Caroline said...

For all you movie buffs,
An Online Novena begins today at

www.stgenesius.com

We will be praying for actors and all those involved the movie business. Drop by and say a prayer.

Paul, just this guy, you know? said...

I'd been wondering about this movie; thanks for the review!

Karen Sence said...

Such interesting look into racism, slavery and the workings of the government all mashed into one...I definitely recommend this movie..!!

Dirtdartwife said...

Thanks for the review! I, too, was thinking of seeing the movie (or at least waiting for Netflix). Now I look forward to it.

Anonymous said...

Sort of like the "aliens" in the womb.

Our Heroine said...

I'm so glad I wandered over here today and read your review. I saw it yesterday afternoon and hated it! I was so peeved I came home a wrote a scathing review on my blog. I did notice that the aliens had been dehumanized, but I thought the movie never made the case about what they were and how they thought. At one point, in a newscast, a scientist says they were insect drones that had lost their queen. Now, I guess you saw that as a parallel with how the media uses the word, "fetus" versus "baby" and I don't disagree, but there were SO MANY unanswered questions for me about the Prawns, that I couldn't buy the immediate "they should be treated like people" argument until well into the movie, when you saw how Christopher Johnson and his son thought and acted, and then it was obvious that they were "human" in spirit, but then I different questions like the world just left the whole species to fend for themselves in South Africa? Really? That seemed unlikely.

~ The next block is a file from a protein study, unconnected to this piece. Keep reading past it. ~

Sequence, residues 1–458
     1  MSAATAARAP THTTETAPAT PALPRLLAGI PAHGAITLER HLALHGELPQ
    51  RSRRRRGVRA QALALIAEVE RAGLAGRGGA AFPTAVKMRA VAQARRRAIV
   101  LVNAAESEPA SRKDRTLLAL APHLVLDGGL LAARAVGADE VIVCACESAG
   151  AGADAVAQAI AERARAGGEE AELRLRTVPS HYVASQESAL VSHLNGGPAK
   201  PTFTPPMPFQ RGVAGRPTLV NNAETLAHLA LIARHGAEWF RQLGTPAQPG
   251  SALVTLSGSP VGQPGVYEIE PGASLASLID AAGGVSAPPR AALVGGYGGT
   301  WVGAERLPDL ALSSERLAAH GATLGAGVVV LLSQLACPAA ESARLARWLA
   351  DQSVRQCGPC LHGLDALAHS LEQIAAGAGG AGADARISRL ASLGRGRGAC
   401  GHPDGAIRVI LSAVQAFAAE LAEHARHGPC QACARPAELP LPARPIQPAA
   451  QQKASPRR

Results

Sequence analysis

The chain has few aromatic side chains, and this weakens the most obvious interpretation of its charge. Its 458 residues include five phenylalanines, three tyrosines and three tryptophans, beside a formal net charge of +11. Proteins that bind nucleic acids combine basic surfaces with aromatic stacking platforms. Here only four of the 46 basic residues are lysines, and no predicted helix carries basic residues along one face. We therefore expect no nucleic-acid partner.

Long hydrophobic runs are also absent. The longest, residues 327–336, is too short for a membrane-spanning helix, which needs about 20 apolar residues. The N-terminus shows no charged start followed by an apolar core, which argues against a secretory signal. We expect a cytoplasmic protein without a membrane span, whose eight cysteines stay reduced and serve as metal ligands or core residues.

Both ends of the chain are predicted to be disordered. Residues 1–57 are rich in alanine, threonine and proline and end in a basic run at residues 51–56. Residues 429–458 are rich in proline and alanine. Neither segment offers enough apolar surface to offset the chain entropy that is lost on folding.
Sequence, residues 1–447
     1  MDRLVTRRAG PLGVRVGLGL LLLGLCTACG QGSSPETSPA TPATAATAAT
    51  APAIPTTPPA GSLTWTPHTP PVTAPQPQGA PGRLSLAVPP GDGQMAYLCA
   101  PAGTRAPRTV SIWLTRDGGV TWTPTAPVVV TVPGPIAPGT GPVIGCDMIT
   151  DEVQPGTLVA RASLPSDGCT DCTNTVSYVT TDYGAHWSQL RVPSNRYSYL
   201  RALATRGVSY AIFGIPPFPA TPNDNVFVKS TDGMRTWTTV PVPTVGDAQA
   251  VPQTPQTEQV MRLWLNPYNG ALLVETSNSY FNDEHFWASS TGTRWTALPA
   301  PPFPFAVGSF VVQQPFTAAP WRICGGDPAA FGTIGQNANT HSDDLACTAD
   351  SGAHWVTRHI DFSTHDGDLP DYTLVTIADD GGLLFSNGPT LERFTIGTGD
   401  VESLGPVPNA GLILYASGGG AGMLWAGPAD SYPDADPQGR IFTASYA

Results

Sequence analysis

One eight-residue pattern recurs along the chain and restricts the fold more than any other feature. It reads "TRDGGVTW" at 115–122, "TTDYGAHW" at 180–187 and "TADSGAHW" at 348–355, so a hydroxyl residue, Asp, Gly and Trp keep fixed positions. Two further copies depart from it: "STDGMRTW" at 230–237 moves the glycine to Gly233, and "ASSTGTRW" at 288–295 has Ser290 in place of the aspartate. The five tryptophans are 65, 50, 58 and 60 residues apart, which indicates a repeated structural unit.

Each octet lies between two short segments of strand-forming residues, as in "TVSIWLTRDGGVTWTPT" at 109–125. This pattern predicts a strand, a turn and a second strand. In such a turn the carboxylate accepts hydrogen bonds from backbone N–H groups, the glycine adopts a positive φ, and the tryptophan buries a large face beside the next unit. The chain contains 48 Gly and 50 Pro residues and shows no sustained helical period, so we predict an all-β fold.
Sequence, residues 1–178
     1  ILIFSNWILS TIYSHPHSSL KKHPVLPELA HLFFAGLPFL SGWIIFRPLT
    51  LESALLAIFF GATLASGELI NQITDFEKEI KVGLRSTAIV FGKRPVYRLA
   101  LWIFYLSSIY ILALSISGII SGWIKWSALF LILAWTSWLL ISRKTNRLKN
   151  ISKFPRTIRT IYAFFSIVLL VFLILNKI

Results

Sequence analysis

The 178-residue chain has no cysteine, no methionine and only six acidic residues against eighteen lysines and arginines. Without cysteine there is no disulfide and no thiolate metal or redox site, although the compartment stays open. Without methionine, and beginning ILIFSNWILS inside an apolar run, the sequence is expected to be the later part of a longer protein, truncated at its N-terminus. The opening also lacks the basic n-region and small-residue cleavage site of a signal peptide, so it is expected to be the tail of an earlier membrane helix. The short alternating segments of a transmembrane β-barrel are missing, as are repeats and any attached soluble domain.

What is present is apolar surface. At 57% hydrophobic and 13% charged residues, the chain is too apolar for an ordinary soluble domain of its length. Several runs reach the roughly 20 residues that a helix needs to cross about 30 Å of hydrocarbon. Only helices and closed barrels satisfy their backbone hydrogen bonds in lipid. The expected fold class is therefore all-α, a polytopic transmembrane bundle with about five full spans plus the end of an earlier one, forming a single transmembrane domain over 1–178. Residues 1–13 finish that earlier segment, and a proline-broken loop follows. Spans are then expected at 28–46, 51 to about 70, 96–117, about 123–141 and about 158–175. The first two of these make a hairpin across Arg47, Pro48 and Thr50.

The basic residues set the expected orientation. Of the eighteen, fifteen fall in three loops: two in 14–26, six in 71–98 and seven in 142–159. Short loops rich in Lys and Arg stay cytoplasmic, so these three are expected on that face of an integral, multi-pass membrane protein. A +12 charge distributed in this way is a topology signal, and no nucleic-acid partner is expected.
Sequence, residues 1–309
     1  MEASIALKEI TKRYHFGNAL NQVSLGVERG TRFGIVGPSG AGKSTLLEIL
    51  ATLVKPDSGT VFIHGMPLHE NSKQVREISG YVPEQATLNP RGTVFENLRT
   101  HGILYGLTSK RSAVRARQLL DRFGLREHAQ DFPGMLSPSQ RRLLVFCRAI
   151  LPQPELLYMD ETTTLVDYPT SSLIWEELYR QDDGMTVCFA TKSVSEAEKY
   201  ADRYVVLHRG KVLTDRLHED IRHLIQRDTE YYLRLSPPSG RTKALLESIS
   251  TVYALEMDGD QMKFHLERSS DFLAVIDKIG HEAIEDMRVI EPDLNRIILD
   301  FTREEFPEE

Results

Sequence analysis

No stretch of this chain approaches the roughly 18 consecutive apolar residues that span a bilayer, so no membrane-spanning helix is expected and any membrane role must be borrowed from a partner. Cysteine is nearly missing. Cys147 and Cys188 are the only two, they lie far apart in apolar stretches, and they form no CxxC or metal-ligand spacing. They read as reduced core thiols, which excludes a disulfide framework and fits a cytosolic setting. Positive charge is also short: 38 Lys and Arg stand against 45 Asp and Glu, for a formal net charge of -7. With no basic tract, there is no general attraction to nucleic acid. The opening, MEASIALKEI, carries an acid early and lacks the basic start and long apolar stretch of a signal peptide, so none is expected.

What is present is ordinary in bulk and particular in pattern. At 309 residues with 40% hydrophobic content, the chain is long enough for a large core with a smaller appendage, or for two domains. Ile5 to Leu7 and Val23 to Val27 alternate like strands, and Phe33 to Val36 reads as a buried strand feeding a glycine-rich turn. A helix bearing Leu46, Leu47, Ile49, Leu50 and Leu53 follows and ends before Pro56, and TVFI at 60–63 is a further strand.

Anonymous said...

I saw the movie and I liked very much for what it was. As M Archbald said, it's quite an allegory to apartheid but it certainly does go beyond that.

As Heroine said, there were many unanswered questions the writers did not address. Perhaps whether for artistic reasons or for the sake of brevity, it is what it is.

I don't think a sequel can be made of this movie. I'd like to see Johnson come back and save Wikus like he said, and to see his father in-law die a horrible death but that's just the movie fan in me. :) The wife was a nausiating piece of work however.

It would be too trite for a sequel and the story of this movie stands on its own. There can't be any way to add to or improve on it.

I think it does show evil always attracts evil and those who are evil or have the propensity to be evil find their release in evil, especially when it's organized, i.e. Nazis, communists, a neighborhood's local gangs, etc. I think this point was proven when that head field officer said he enjoys killing the "Prawns." That statement said it all.

Matt

graciax452 said...

I think it also highlights the issues of xenophobia which are simmering beneath the surface in South Africa's shanty towns at the moment, issues such as foreigners use up resources which should only be for South Africans, get better jobs because they may be better educated or that they are the main cause of crime, basically that foreigners are parasites and cannot be treated with the same respect as insiders. It's not everyone who feels this way but the few who can actually incite the masses at times can be very dangerous. I saw the trailer on Monday and was not sold, but now I want to watch it. Ironically it only premiers in Johannesburg on the 28th... 9 days to go........

Maurisa said...

My husband and I saw the movie based on the review here. I found the story line very intriguing, but the violence, gore, and language were OVER THE TOP! I know Matthew warned of this in his review, but for me, it really detracted from the story and ruined the movie.

Sean Weatherby said...

D-9 definitely has a lot going for it -- character development, great acting a at least a few people, awesome alien weapons; it felt a bit preachy at times at different times though